Decreased DNA ploidy may constitute a mechanism of the reduced malignant behavior of B16 melanoma in aged mice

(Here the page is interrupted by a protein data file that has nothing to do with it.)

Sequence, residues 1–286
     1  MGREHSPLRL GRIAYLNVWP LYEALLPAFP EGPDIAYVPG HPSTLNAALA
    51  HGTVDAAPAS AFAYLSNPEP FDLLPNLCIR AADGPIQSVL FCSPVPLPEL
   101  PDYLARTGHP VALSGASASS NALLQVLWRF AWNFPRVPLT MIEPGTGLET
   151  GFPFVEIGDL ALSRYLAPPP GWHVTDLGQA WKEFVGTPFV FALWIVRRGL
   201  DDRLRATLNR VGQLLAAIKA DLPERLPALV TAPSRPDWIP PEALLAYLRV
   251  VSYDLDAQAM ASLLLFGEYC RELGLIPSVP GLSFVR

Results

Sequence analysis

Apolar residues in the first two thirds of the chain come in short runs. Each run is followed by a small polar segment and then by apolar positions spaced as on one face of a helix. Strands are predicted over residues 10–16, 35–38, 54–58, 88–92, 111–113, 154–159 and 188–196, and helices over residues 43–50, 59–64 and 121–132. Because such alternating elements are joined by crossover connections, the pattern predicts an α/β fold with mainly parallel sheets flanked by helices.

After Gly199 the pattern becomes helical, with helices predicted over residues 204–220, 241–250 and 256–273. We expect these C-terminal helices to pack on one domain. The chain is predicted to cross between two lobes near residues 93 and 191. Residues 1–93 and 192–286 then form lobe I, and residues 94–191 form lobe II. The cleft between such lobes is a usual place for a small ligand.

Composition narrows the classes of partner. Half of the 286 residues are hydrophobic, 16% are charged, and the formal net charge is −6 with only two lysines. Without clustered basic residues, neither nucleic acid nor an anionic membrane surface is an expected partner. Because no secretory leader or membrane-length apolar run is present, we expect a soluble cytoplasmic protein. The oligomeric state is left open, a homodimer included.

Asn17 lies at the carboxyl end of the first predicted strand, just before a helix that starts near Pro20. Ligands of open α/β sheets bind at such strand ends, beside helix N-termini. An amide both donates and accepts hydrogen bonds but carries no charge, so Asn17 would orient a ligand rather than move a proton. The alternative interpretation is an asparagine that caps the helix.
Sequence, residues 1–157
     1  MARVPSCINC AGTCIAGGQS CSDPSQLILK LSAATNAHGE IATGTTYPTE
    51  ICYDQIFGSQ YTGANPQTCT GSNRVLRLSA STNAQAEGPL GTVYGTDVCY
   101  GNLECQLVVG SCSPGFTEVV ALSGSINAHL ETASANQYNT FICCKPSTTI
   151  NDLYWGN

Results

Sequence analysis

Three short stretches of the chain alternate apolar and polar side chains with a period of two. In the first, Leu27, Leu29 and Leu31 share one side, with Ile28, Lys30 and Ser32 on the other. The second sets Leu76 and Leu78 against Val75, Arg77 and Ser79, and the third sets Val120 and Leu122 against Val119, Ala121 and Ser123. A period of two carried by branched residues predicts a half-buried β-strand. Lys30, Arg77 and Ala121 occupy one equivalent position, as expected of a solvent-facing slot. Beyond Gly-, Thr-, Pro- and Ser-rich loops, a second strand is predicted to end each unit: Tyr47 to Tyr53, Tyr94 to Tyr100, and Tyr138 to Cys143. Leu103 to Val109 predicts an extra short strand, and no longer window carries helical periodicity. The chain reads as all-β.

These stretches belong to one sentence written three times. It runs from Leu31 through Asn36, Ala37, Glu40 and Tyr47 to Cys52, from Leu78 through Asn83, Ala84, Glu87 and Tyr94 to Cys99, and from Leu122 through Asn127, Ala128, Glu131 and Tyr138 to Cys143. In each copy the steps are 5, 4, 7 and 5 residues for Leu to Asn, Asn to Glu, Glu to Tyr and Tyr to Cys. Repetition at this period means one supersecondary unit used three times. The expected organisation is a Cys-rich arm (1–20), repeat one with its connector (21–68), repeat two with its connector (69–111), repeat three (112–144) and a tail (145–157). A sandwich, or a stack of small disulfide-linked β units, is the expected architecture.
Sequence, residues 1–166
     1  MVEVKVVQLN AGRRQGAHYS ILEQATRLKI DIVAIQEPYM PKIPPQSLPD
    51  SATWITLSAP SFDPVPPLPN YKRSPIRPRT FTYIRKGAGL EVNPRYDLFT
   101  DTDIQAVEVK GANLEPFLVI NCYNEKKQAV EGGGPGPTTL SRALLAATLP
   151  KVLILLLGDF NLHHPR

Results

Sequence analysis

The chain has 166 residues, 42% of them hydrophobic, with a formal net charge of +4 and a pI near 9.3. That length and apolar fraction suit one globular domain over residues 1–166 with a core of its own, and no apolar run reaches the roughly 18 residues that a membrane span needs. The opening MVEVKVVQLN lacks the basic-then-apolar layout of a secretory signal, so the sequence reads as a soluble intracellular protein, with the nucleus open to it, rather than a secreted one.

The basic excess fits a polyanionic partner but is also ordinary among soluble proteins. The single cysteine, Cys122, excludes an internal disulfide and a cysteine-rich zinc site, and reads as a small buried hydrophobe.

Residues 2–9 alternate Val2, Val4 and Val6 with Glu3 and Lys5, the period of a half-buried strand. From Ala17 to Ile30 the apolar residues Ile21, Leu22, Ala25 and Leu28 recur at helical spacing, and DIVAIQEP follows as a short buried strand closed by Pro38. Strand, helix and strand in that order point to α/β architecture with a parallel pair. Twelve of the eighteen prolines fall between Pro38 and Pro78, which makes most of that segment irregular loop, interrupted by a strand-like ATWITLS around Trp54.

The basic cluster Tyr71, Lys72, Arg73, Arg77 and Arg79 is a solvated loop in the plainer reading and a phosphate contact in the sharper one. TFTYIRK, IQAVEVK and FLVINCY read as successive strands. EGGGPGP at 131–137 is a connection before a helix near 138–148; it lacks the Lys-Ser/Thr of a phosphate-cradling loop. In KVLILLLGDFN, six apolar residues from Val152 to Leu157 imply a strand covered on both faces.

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Numerous data demonstrate a lower aggressiveness of tumors in aged as compared to young patients. The mechanisms underlying this phenomenon have not yet been completely elucidated. Several mechanisms have been shown, such as reduced tumor cell proliferation, increased apoptosis, immune response modifications and reduced angiogenesis in aged organism tumors. In the present study we report an incidentally found, not yet described mechanism, of the age-related reduced tumor progression, namely a decreased ploidy in B16 melanoma growing in old (near diploidy) as compared to young mice (tetraploidy). We surprisingly observed that tumor cells from aged mice were of smaller cell and nuclear size than those of young animals. Flow cytometry forward scatter data also showed a smaller cell size of melanoma cells from old mice. DNA flow cytometry profile comparison demonstrated that while B16 melanoma cells from young animals contained a high percentage of tetraploid cells, those derived from old animals were mostly close to diploid. A high importance has recently been attributed to aneuploidy as being at the origin of the genetic instability of neoplasia. Our results may support this notion. The transit from tetraploidy to near euploidy in melanoma cells growing in aged mice might avoid the genetic instability inherent to tumor progression.

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